Tuesday 15 October 2013

Terrain visualization with three.js and Oculus Rift

My good colleague, Harald K. Jansson, owns an Oculus Rift headset, and he couldn’t resist creating a virtual reality version of my 3D map of Jotunheimen. It’s very impressive, especially when you know that everything runs in the browser.

If you’re lucky enough to own a Oculus Rift headset you can try yourself by clicking on the image below.

The demo is built using two Oculus plugins:

We’ve also switched from TrackballControls to FirstPersonControls which allows you to fly through the landscape. Mouse navigation is disabled as it didn`t work well with the Oculus control, but you can move around with your keyboard:
  • A / “arrow left”: Move left
  • D / “arrow right”: Move right
  • W / “arrow up”: Move forward
  • S / “arrow down”: Move backward
  • R: Move up
  • F: Move down

The code is avaiable on GitHub. Enjoy!

Monday 14 October 2013

Textural terrains with three.js

This is the third blog post in my "terrain mapping with three.js" series. With the terrain geometry in place, it's time to create a texture and drape it over the terrain.

In the first blog post in this series, we created a digital elevation model (DEM) for Jotunheimen. We can use this DEM to create color relief and hillshade that will enhance the view of our terrain (this blog post explains the details).

gdaldem color-relief jotunheimen.tif color-relief.txt jotunheimen-relief.tif

Creating nice-looking hillshades got easier with GDAL 1.10. By adding the "combined" option to gdaldem you get a slope-enhanced shaded relief:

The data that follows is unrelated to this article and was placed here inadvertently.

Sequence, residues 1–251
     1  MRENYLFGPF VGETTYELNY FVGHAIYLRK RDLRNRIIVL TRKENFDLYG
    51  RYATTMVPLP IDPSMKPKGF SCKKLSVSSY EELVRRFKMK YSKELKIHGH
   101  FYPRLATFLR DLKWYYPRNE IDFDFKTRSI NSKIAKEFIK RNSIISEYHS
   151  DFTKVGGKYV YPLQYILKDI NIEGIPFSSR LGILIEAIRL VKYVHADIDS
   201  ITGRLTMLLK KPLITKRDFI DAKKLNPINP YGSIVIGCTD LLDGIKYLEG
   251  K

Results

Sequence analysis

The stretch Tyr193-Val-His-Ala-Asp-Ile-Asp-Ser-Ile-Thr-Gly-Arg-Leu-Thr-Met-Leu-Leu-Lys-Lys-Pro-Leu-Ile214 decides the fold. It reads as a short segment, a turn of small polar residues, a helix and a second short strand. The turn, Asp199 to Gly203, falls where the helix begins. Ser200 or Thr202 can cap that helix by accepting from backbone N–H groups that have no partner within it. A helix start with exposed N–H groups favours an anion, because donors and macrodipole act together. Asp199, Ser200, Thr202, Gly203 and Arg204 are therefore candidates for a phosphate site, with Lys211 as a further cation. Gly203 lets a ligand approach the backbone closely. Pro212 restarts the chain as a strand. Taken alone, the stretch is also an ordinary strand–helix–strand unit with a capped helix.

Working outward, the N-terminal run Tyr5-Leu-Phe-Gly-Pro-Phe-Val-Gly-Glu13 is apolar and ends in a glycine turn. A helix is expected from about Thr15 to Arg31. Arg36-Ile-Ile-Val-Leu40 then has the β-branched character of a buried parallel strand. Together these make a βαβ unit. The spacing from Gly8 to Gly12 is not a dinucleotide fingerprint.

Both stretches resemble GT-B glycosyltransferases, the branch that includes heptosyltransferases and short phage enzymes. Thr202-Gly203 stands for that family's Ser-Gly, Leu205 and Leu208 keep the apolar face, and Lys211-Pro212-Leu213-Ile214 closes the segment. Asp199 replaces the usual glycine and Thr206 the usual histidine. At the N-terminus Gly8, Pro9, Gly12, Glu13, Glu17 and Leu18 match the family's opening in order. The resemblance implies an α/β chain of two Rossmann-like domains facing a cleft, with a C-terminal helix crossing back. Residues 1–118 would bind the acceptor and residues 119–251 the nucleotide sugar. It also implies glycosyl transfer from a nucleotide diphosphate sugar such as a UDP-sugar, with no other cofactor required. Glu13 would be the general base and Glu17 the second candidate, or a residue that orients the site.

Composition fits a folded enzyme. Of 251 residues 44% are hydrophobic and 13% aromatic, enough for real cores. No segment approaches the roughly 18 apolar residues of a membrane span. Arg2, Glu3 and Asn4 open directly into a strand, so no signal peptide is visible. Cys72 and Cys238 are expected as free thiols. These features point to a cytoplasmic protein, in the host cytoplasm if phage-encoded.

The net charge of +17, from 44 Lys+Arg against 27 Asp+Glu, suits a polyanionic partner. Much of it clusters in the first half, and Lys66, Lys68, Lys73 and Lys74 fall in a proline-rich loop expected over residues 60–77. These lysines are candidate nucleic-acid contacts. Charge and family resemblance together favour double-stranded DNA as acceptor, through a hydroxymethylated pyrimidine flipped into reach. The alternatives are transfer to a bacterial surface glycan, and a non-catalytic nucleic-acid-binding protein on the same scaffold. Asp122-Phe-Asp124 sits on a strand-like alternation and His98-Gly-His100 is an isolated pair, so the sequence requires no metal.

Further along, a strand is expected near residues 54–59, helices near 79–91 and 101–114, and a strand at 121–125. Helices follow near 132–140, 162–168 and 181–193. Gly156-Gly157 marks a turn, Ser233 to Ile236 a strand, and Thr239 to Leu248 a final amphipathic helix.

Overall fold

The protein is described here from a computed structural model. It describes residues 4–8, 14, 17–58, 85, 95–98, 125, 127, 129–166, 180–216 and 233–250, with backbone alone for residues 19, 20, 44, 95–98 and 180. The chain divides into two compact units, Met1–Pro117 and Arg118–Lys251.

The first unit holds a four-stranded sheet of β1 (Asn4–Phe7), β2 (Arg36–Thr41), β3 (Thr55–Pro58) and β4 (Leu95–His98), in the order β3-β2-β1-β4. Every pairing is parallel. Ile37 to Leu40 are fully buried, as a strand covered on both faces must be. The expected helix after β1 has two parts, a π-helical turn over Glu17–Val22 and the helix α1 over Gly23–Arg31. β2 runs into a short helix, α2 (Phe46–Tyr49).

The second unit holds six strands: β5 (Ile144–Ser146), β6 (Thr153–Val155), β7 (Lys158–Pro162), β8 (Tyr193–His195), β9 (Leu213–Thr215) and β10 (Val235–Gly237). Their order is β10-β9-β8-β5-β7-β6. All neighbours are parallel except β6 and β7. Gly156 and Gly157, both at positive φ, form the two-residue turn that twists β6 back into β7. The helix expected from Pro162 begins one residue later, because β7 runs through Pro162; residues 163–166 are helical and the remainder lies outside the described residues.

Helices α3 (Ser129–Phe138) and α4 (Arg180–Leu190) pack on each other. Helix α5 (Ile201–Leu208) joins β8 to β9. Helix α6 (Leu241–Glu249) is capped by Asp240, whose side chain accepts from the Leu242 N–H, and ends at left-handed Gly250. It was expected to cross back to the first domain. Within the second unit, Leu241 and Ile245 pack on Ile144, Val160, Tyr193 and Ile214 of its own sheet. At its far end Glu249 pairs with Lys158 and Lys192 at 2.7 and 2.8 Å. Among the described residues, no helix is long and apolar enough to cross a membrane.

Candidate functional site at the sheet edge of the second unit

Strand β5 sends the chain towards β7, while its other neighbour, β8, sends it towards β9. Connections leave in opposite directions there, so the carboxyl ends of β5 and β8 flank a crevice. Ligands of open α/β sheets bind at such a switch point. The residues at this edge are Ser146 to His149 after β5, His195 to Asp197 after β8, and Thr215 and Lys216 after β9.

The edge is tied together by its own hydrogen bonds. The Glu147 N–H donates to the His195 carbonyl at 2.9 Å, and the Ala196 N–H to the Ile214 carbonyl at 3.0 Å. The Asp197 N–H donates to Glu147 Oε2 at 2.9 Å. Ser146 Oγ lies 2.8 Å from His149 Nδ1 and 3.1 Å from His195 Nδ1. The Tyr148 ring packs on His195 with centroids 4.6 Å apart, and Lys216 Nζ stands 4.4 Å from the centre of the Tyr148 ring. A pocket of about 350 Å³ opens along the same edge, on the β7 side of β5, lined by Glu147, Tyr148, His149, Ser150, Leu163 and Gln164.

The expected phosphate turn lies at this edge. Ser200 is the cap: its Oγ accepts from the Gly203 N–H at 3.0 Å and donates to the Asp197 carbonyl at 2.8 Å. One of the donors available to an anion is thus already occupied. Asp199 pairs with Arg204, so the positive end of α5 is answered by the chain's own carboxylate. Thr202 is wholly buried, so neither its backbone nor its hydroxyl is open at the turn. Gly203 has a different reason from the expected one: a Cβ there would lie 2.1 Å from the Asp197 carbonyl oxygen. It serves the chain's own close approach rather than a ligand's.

gdaldem hillshade -combined jotunheimen.tif jotunheimen-hillshade.tif

I'm combining color relief and hillshade with Mapnik, and at the same time adding colors for lakes, glaciers and trees using open data from the Norwegian Mapping Authority (this blog post explains the details).

nik2img.py jotunheimen-texture.xml jotunheimen-texture.png --projected-extent 432000 6790000 492000 6850000 -d 4096 4096

The texture styles are available on GitHub. The final texture (converted to JPG to save some bandwith) looks like this:

Adding the texture to the terrain mesh is dead easy: Use THREE.ImageUtils.loadTexture to load the texture and add it to the map property of the material:

var material = new THREE.MeshPhongMaterial({
  map: THREE.ImageUtils.loadTexture('../assets/jotunheimen-texture.jpg')

We also need to add some light to see the texture:

scene.add(new THREE.AmbientLight(0xeeeeee));

That's all! Our 3D terrain now looks like this (click to see in WebGL):

View of Jotunheimen from the south.

View of Jotunheimen from the north.  Galdhøpiggen, the highest mountain in Norway (2469 m), is among the glaiers in the middle. 

The code is available on Github. In the next blog post, we'll create a virtual reality version of our terrain.

Wednesday 9 October 2013

Terrain building with three.js

In my last blog post, we converted a digital elevation model (DEM) to a WebGL-friendly format (i.e. easy to transfer and parse by JavaScript in the browser). In this blog post, we'll use the elevation data to build a terrain mesh with three.js